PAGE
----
I was one of those shy kids in elementary school. I didn't like going to school because it meant spending time around all these other children who weren't at all shy. I had to learn how to act with my teacher. I felt like an outsider looking in. As an adult I am now treated for anxiety. It is debilitiating. It is terrible getting butterflies (or have to constantly run to the bathroom) before going to school. The single most useful thing you can do to help a shy child develop social skills is to be relaxed about it. It's not a race. Most children go through shy phases and some are just naturally introverted. But, extreme shyness (and axiety) is debilitating and a concerned nanny and concerned parents should not just ignore it.

Anonymous said...

I happen to know about child shyness first hand. And I also know what can happen when this shyness is not properly dealt with: it can turn into extreme shyness which can develop into social phobia. And *that* may take years to get rid of, as it was in my case.

Shyness is insecurity. For that reason, parents need to be very careful with judging and especially criticizing. Scolding, ridiculing, and shaming your child for being shy are big no-no's. It will only reinforce their belief that they are incapable, and therefore need to stay away from interaction with others.

Another important thing is to check are your attitude & reactions to the child's shyness. Are you frustrated and displeased? Well, your frustration needs to be dealt with. At the very least, it needs to be under control.

First of all, accept the fact that each child has a different personality, and do not think them in any way "inferior" to others because of it. Never allow yourself to say things like, "All other kids went and played, but you had to sit in the corner.". This implies that "other kids" are better, and you would rather be their nanny.

Children want to be loved and naturally want to please their parents and caregivers. Not many things are harder for a child than thinking that their parents do not love them because they are not good enough. "Oh, but it does not mean that I don't love them!.." Well, that's how most children take it and often carry through life. So instead of showing displeasure, try to offer some reassurance and build up the child's confidence. "I am so proud of you. I know you don't like being in the spotlight, and yet you were brave enough to recite the poem!" You will have to do it over and over again. Confidence-building takes time, and consistency.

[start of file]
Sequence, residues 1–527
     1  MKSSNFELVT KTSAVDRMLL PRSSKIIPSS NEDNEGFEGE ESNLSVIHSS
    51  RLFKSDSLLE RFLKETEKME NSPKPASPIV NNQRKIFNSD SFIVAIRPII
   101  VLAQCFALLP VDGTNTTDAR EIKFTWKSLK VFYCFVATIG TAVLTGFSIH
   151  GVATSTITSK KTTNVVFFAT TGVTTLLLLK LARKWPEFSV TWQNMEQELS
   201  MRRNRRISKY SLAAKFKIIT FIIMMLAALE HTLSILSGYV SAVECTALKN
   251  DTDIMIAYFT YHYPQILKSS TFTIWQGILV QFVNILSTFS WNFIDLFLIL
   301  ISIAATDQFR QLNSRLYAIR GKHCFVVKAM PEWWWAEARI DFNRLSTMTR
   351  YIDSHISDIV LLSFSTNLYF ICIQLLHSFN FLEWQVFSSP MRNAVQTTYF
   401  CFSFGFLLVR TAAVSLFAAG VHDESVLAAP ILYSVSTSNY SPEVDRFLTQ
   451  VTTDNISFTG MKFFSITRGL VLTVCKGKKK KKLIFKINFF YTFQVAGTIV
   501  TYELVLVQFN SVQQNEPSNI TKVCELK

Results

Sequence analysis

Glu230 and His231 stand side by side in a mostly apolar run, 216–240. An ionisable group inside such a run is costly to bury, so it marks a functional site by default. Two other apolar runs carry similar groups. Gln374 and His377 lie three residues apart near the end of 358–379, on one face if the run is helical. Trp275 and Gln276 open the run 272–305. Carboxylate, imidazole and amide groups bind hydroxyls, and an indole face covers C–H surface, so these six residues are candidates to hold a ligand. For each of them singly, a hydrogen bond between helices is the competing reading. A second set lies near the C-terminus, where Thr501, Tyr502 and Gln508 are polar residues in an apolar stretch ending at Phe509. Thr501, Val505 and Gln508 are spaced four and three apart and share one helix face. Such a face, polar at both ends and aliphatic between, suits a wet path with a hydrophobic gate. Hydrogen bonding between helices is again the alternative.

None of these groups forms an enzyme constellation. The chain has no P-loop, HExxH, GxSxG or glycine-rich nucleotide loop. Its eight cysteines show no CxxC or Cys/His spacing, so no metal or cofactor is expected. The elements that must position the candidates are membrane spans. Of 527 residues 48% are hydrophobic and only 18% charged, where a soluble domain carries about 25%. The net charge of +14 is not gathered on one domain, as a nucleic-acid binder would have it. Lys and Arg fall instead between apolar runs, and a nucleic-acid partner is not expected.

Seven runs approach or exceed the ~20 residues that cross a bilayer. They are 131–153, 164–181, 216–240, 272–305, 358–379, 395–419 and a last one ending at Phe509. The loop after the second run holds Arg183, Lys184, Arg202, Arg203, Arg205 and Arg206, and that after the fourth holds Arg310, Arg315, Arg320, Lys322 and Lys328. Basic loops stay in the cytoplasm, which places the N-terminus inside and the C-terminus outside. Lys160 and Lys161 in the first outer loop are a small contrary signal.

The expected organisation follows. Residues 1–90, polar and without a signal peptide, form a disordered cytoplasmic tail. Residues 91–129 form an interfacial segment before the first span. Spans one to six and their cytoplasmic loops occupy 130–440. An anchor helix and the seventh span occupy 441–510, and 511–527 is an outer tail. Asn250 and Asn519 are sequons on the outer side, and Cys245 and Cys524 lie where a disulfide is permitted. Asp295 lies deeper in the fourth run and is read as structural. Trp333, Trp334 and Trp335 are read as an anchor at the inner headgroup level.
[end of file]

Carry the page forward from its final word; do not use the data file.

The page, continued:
Hurt or humiliated once, the child will go to extreme lengths to avoid the situation in the future.

Plus thy must practice at being social and then they will not get better at it.

This requires you to keep careful balance between not pushing the child to do what they are not comfortable with, and yet helping them to stretch their comfort zone and learn social interaction.


Anonymous said...

I just think this is so out of the realm of a nanny's duties! Are you guys nuts? I am a live-in making $400 per week. No way I'm going to be cleaning nevertheless worrying about this. This is the parents' responsibilities. If you are hired knowing that you will be working with special needs than you should be paid extra for that. Most nannies and aupairs I know are way underpaid. Leave the parenting to the parents!!

Lisa said...

I disagree with the previous poster. The overall well-being of the child is our duty as caregivers. And a child could suffer more by our choosing to ignore what they are going through. Plus, their behavior while in our care could be adversely impacted too.

A lot of the advice and tips on how to help children deal with anxieties, phobias, fears, emotions, grief, etc. is not rocket science but rather common sense once you take a little time to read it combined with compassion. This IS what being a nanny is about.

YES, I DO KNOW what I am talking about because for $400 a week a few years ago I was doing this stuff as part of my crisis nanny jobs. Sometimes the job is not about us, but the children.

Tobago Nanny said...

I am annoyed about $400 per week nanny too. I mean anyone with any common sense is caring enough to want to help a child. It doesn't matter if you make under minimum wage, if you accept to do the job all you have to do is do it to your best ability. Seems unethical to think because you only make $400 per week you shouldn't be an advocate for ANY child. If the job is too complicated for you find antoher job in a less important job.